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How High Are Dropout Rates in India?

How High Are Dropout Rates in India?

Discussion

“Child not interested in studies” accounts for the highest proportion of dropouts in

How High Are

rural (37 per cent) and urban (37 per cent) areas and for both male and female children. “Parents not interested in studies”

Dropout Rates in India?

T
affect the female child more in rural (17 per cent) and urban (11 per cent) areas. In-USHA JAYACHANDRAN up to standard V once they have been ability to cope with the demands of schoolenrolled. ing has a somewhat equal effect on boys his is a comment on the paper by Amit and girls in rural (11 per cent) and urban Choudhury published in EPW Reasons for Dropout (13 per cent) areas and is one of the (December 23, 2006) titled ‘Revisiting important reasons for dropping out. A Dropouts: Old Issues, Fresh Perspectives’. NSS data from the 52nd round also larger proportion of female children in How high is the dropout rate in India provides information on the reasons for urban areas (5.6 per cent) drop out because actually? The dropout rates estimated from dropping out. Table 2 presents reasons of the need to work for wages/salaries to official statistics are calculated as the ratio given by parents for children in the 5-14 supplement the family income. Similarly, of enrolment in (say) class V to enrolment age group for dropping out of school. a higher proportion of male children in class I. Such an estimate of dropout rates

Table 1 : Dropout Rates at the Primary Level

could be misleading given that official (Per cent)enrolment statistics are known to be highly

State Official Statistics of From NSS 52nd Round

unreliable. Further, there is some evidence

Dropout Rates Rural Dropout Urban Dropoutthat class I enrolment is often inflated, Total Male Female Total Male Female Total Male Female and this has the effect of magnifying the

1 India 25.6 26 25.8 6.6 7.3 6.9 4.4 4.4 4.2 dropout rate estimates based on official 2 Andhra Pradesh 27.4 27.2 27.3 10.8 10.5 10.6 4.4 4.9 4.0 3 Arunachal Pradesh 23.4 23.3 23.4 7.5 8.9 8.2 3.1 2.5 4.0

enrolment data.1

4 Assam 23.6 24.7 24.1 6.2 6.6 6.4 5.5 5.6 5.3 5 Bihar 25.9 26 25.9 3.8 4.1 4.0 4.5 4.0 5.1 6 Goa 22.5 22.3 22.4 0.0 4.1 2.1 1.2 0.0 2.6 Dropout Rates 7 Gujarat 18.8 17.2 18.1 10.5 9.9 10.2 4.9 5.1 4.5 8 Haryana 22.1 19.1 20.7 5.4 4.1 5.8 6.2 5.8 6.5 9 Himachal Pradesh 28.1 22 25.2 3.8 3.2 3.5 2.8 3.1 2.4

A more reliable way of calculating the 10 Jammu and dropout rate would be to look at the Kashmir 27 29.2 27.9 4.0 5.4 4.6 3.8 3.8 3.6 11 Karnataka 20.8 21.5 21.5 7.9 8.8 8.3 3.1 3.1 3.0 proportion of ever-enrolled children in the 12 Kerala 18.5 19.7 19.1 1.3 1.0 1.2 1.2 1.0 1.3 15-19 age group who have not completed 13 Madhya Pradesh 19.3 18.1 18.8 6.9 9.4 7.9 4.0 4.4 3.6 14 Maharashtra 19.6 19.9 19.7 5.8 6.9 6.3 2.9 3.3 3.5 their primary level of education. This can 15 Manipur 19.6 20.2 19.9 4.6 11.2 7.7 0.5 0.0 1.3 16 Meghalaya 30.6 30.9 30.7 9.8 6.3 8.2 2.6 1.5 4.0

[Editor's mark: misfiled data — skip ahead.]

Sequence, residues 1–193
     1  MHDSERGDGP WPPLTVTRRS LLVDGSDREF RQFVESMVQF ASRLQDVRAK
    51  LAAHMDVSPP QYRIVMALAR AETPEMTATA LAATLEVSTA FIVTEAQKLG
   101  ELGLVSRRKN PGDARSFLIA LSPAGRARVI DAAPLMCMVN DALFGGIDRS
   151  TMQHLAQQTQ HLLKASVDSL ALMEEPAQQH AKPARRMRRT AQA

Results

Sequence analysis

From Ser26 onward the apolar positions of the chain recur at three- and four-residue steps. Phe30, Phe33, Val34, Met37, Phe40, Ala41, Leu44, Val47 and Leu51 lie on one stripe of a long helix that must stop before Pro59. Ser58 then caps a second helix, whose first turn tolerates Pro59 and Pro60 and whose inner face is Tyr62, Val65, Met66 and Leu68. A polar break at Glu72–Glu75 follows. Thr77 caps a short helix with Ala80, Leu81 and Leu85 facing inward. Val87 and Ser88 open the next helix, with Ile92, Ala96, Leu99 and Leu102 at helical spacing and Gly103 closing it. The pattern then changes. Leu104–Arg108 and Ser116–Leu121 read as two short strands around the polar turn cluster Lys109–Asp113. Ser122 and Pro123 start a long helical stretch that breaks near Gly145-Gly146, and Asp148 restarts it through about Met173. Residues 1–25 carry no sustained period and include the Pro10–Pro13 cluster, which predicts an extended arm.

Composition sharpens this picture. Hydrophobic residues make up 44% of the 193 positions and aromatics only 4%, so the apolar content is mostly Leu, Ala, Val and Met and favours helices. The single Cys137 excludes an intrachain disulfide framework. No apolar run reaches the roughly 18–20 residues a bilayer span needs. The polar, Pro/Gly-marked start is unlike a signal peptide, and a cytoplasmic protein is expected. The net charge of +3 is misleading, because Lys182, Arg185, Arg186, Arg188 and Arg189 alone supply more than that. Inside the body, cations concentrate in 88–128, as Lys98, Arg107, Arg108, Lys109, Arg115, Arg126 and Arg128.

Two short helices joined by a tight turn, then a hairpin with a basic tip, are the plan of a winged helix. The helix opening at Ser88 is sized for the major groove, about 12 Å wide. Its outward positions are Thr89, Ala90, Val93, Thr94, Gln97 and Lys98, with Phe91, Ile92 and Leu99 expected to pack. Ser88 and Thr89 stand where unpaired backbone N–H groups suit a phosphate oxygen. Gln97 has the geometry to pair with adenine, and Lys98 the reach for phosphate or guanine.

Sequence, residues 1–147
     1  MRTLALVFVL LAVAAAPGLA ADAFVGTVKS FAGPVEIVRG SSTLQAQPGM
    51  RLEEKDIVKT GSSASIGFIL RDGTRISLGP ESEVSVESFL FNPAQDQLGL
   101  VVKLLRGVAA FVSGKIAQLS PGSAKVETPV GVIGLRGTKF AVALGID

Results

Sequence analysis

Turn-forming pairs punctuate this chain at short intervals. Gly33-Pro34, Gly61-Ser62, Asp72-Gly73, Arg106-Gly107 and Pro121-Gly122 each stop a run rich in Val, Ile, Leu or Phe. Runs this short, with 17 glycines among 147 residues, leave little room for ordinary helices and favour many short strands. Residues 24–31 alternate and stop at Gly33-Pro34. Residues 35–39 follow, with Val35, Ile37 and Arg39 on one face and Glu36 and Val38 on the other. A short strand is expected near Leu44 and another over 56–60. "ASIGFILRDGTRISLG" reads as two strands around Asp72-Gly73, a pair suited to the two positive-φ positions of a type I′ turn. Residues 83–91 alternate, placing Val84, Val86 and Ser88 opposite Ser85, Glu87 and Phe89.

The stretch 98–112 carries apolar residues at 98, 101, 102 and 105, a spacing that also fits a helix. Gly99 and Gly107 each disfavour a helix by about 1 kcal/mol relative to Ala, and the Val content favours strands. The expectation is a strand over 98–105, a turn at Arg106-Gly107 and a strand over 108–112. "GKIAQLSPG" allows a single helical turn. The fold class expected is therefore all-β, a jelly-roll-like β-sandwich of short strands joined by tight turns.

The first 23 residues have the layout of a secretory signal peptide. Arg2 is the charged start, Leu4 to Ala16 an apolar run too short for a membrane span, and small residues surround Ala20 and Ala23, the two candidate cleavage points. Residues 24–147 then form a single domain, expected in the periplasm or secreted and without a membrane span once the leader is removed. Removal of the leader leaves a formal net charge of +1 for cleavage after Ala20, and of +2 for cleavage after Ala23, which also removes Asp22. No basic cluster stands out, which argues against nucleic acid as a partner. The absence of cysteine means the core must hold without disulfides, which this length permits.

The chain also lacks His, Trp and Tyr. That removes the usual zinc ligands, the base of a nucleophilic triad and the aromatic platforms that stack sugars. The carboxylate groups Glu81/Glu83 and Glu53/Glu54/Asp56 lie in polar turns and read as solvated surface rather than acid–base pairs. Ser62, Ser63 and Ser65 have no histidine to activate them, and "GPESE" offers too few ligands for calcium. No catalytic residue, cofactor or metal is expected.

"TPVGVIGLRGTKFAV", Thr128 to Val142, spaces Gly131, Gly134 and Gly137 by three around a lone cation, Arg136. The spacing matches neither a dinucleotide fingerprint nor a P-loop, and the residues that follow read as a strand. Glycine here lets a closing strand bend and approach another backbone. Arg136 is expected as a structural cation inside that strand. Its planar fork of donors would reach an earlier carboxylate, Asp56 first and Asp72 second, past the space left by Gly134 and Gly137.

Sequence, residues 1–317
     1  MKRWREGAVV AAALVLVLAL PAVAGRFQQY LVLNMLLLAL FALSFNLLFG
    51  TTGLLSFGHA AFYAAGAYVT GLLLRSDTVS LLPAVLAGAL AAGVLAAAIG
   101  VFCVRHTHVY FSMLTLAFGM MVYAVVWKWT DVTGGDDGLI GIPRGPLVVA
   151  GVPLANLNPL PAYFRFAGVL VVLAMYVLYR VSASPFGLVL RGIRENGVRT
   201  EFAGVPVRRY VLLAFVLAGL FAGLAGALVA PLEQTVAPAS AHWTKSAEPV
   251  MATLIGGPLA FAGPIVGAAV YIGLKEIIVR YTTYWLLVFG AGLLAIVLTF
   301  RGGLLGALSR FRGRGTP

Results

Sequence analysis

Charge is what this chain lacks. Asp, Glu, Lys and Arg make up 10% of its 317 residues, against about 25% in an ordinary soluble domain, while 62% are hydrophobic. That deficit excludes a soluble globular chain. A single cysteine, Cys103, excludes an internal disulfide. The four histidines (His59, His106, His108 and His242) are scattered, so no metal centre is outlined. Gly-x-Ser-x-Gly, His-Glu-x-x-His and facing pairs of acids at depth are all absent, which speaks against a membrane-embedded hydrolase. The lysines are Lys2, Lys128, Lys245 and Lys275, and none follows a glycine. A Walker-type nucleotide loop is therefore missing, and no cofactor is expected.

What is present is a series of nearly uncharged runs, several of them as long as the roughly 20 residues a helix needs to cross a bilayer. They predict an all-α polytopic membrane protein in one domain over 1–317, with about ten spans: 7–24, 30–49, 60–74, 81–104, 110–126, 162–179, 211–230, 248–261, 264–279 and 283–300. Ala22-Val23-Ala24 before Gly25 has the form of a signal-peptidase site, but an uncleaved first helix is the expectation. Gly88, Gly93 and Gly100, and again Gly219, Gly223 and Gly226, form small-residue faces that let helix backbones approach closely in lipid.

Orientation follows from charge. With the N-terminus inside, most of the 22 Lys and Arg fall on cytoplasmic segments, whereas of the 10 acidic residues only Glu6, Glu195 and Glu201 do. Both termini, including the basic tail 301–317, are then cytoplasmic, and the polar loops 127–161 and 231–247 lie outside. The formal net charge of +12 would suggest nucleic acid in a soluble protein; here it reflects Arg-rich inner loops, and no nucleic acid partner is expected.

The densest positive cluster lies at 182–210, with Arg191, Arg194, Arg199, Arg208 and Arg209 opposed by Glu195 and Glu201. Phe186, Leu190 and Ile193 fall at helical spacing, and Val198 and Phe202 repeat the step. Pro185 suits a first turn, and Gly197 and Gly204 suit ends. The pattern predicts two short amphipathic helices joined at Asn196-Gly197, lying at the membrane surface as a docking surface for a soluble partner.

be done using household level data from

17 Mizoram 25.9 26.6 26.2 4.4 6.6 5.3 1.8 2.7 0.8 the 52nd round of the National Sample 18 Nagaland 23.4 25.9 24.6 4.2 3.4 3.8 0.7 1.2 0.0 19 Orissa 22.8 25.7 24 7.8 12.7 10.1 8.2 6.5 10.0

Survey, which provides data on partici

20 Punjab 19.3 18.1 18.7 3.8 7.5 5.4 2.8 3.3 1.9 pation in education. Dropout rates calcu-21 Rajasthan 32.7 34.8 33.5 5.2 6.9 5.9 4.7 4.8 4.5 22 Sikkim 25.1 27.5 26.3 15.2 8.6 11.8 6.3 2.7 9.5

lated in this manner turn out to be much

23 Tamil Nadu 19.3 18 18.7 8.8 11.1 10.0 7.0 6.7 7.3 lower than those based on ministry of 24 Tripura 22 22.1 22.1 9.5 13.4 11.3 2.1 1.1 3.2

25 Uttar Pradesh 38.8 42.9 40.4 5.1 4.0 4.6 4.0 4.1 3.9 human resource development (MHRD) 26 West Bengal 35.8 41.3 38.4 11.5 11.1 11.3 7.6 8.0 7.1 statistics. For instance, while the official 31 Delhi 14 14.2 14.1 6.5 0.0 3.4 2.0 3.4 0.5

estimate of the all-India dropout rate in Note: The NSS-based estimates in the second panel have been calculated by the author. In thesecalculations the dropout rate is simply the proportion of ever enrolled 15-19 year olds who have

1997-98 is as high as 26 per cent

not completed their primary level of education.[MHRD 1997-98], our own calculations Source: Official estimates (based on school enrolment data) are from Selected Educational Statistics, 1997-98, MHRD; VI All-India Educational Survey, NCERT, State Directorates of Education,